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How I Taught My Dog to Text Me Selfies

kaira-twilio-featured

A few weeks after we got our puppy, we taught her how to turn on a light.

Turns out Kaira will do just about anything if you can clearly communicate your desires and have a treat in your hand. There’s an Ikea lamp in our bedroom that’s activated by stepping on a floor switch. We started her training by placing her paw on the switch, saying “Light,” and giving her a treat. Once she got that, we’d press on her paw and withhold the treat until she heard a click. Eventually, we could say “Light” from across the room and Kaira would run over and do the job:

Shortly afterwards I started thinking, “I’ve got a dog that can press a button. What can I do with that?”

Doggy Selfies

When Twilio launched Programmable MMS, I started to wonder if we could teach Kaira to send selfies. I’m pleased to say that thanks to the Arduino Yun and a big red button, the answer is a resounding “Yes!”:

My dog texts me a selfie
My dog texts me a selfie

What you’re seeing in the video is a cigar box housing a massive arcade button and an Arduino Yun. The second box serves as a stand for a webcam that’s plugged into the Yun. (My local cigar shop sells empties for $2 which make for sturdy and stylish hardware enclosures).

cigar-box-exterior

cigar-box-interior

The WiFi enabled Arduino Yun has two microprocessors: one does all the pin interaction you typically associate with an Arduino. The second runs a stripped down version of Linux called OpenWRT which can run programs in your favorite scripting language (Python comes pre-installed, but you could put Ruby or Node on there if you so please). This project has one program running on each processor. Together, they are less than 60 lines of code.

The Arduino sketch simply:

  • waits for a button press
  • runs a shell command to take a picture
  • runs a Python script to upload the picture to Dropbox and send the MMS

#include <Bridge.h>
#include <Process.h>

const int BUTTON = 7;

void setup() {
  pinMode(BUTTON, INPUT);
  Bridge.begin();
}

void loop() {
  if (digitalRead(BUTTON) == HIGH) {
    takePicture(); 
    uploadAndSend(); 
  }
}

void takePicture() {
  Process p;
  p.begin("fswebcam");
  p.addParameter("/mnt/sda1/pic.jpg");
  p.addParameter("-r 640x480");
  p.run();
}

void uploadAndSend() {
  Process p; 
  p.begin("python");
  p.addParameter("/mnt/sda1/arduino/upload-and-send.py");
  p.run();
}

The Python script uses the Dropbox SDK and Twilio helper library to:

  • upload the picture to Dropbox
  • get a publicly accessible url for the picture
  • use that url to send an MMS via Twilio

import datetime
import dropbox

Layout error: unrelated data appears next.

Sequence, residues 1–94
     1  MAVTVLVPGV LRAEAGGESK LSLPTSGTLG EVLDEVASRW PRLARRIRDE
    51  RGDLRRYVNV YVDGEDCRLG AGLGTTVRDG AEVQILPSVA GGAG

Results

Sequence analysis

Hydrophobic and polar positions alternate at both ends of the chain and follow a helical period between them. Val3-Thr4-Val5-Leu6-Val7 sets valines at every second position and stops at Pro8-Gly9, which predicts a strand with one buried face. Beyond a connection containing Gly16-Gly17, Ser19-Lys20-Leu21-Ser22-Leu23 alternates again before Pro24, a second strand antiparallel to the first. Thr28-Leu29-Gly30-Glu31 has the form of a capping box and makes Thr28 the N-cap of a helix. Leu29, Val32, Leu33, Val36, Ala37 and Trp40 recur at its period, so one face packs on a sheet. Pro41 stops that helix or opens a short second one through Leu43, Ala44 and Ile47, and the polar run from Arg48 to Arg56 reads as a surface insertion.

from twilio.rest import TwilioRestClient

dropbox_access_token = "YOURDROPBOXTOKEN"
twilio_phone_number = "YOURTWILIOPHONENUMBER"
twilio_account_sid = "YOURTWILIOACCOUNTSID"
twilio_auth_token = "YOURTWILIOAUTHTOKEN"
cellphone = 'YOURCELLPHONE'

timestamp = datetime.datetime.now().strftime("%h-%m-%S")
filename = "kaira-" + timestamp + ".jpg"

f = open("/mnt/sda1/pic.jpg")
dropbox_client = dropbox.client.DropboxClient(dropbox_access_token)
response = dropbox_client.put_file(filename, f)
url = dropbox_client.media(response['path'])['url']

twilio_client = TwilioRestClient(twilio_account_sid, twilio_auth_token)
twilio_client.messages.create(
  to = cellphone,
  from_ = twilio_phone_number,
  body = "Woof.",
  media_url = url)

If you’d like some more color on how we got here, we’ve documented the entire process from Arduino Yun unboxing to sending MMS in these three tutorials:

Onward!

What’s most exciting to me about this project, aside from the sheer novelty of my dog sending selfies, is how simple each component is. The button press is literally the second example from Massimo Banzi’s Getting Started with Arduino. The Python script is practically cut-and-paste from the Dropbox getting started guide and the Twilio SMS and MMS quickstart.

Hardware hacking can be intimidating if you’ve never done it before, but remember that  the most impressive hacks are often just simple building blocks stacked on top of one another. Wifi enabled devices like the Arduino Yun have drastically lowered the barrier to entry for web developers to dip their toes into the Internet of Things.

So let’s say you had a box that could interact with both the physical world and any web-based API using the programming language you already know. What could you do with that?

Whatever it is, I’d like to hear about it. Hit me up at @greggyb or gb@twilio.com.

Many thanks to Vlad Petrenko for translating this post into Russian

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